To determine the prevalence of pulmonary arterial hypertension in asymptomatic patients with 2 types of extensive slow-flow vascular malformations: extensive venous malformations or Klippel-Trénaunay syndrome (KTS).
Multidisciplinary center for vascular anomalies.
A consecutive sample of 32 patients with slow-flow vascular malformations of at least 15% of the body surface was identified retrospectively and matched by age and sex with 32 healthy controls.
Standard 2-dimensional transthoracic Doppler echocardiography. Venous samples were obtained the same day that echocardiography was performed.
Main Outcome Measures
Pulmonary artery systolic pressure (PASP) was determined. Levels of D-dimer, fibrinogen, and von Willebrand factor (vWF) in plasma were measured.
Patients had a mean (SD) PASP that was significantly higher than that of healthy controls (42.16 [8.49] mm Hg in patients vs 27.69 [6.54] mm Hg in healthy controls; P < .001). No significant differences in PASP were found between patients with KTS and patients with venous malformations (P = .80). We observed significant differences in the mean (SD) levels of vWF between patients and healthy controls (124.41% [52.28%] in patients vs 92.69% [28.92%] in controls; P = .01) and also in levels of D-dimer (1032.99 [1367.0] ng/mL in patients vs 102.97 [29.39] ng/mL in healthy controls; P < .001). There was a moderate positive correlation between levels of vWF and levels of PASP (r = 0.42; P = .001) and a high positive correlation between D-dimer and PASP (r = 0.52; P < .001)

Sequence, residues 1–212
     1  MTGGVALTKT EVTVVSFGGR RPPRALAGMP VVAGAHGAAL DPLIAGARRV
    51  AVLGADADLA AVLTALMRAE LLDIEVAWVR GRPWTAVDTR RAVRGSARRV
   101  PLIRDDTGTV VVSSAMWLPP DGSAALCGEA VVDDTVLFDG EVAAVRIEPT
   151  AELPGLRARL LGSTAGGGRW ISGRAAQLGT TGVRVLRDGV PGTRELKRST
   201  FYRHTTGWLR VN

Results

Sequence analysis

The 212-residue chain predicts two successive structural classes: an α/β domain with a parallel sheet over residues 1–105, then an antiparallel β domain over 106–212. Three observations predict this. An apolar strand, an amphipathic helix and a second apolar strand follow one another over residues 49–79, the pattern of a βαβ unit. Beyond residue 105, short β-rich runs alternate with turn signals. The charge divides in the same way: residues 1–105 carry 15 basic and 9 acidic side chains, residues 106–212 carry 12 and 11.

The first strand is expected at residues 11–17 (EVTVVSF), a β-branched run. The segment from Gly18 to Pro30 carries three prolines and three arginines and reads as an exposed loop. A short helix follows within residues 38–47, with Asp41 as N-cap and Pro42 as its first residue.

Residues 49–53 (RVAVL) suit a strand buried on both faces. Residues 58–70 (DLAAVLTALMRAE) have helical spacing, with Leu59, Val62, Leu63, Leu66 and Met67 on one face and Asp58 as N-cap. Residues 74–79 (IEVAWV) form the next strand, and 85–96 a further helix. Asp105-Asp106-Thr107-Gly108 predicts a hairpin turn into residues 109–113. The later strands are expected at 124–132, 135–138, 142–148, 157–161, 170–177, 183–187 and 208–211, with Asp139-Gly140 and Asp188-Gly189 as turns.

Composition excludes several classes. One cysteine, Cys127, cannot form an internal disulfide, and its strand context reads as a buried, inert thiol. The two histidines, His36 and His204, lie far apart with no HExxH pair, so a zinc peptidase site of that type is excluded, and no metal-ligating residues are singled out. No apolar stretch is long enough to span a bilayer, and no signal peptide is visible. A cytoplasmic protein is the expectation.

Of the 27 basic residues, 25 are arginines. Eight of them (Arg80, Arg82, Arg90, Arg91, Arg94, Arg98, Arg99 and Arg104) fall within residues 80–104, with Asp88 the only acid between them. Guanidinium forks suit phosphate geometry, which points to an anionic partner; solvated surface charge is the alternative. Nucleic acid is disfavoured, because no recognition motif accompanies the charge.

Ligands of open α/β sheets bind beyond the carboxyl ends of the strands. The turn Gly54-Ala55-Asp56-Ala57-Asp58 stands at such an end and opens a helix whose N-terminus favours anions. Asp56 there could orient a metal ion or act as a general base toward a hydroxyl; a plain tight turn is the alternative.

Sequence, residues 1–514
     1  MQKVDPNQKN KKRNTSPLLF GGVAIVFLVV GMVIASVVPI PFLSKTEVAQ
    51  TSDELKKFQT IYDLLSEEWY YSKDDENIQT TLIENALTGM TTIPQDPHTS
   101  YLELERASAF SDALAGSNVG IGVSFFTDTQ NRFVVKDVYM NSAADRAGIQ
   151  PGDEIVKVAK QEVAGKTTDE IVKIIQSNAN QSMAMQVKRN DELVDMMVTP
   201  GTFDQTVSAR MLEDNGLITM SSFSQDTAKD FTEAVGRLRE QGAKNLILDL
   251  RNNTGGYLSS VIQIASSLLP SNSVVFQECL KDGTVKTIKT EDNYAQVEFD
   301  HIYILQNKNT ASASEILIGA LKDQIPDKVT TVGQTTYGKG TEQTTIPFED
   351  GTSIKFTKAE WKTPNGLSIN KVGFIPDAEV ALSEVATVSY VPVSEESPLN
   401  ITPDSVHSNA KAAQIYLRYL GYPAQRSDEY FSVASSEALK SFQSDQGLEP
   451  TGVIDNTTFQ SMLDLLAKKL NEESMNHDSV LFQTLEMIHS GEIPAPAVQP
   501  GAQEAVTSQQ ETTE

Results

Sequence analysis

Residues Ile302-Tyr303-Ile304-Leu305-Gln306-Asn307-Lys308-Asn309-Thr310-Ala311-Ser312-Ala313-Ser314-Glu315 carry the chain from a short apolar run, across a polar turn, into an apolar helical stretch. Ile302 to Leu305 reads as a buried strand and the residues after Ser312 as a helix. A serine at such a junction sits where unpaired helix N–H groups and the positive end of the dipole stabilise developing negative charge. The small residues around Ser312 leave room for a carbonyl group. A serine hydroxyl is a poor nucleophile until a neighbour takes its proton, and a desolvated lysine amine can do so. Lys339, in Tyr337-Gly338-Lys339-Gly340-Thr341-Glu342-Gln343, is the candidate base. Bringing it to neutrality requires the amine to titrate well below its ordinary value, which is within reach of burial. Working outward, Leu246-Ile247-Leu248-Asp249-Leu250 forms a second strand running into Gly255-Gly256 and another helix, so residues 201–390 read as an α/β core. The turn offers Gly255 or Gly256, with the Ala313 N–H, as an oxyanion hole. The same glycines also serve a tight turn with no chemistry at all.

The presence of pulmonary arterial hypertension in patients with extensive slow-flow vascular malformations is not an isolated feature but is relatively frequent. Levels of D-dimer correlate with PASP in these patients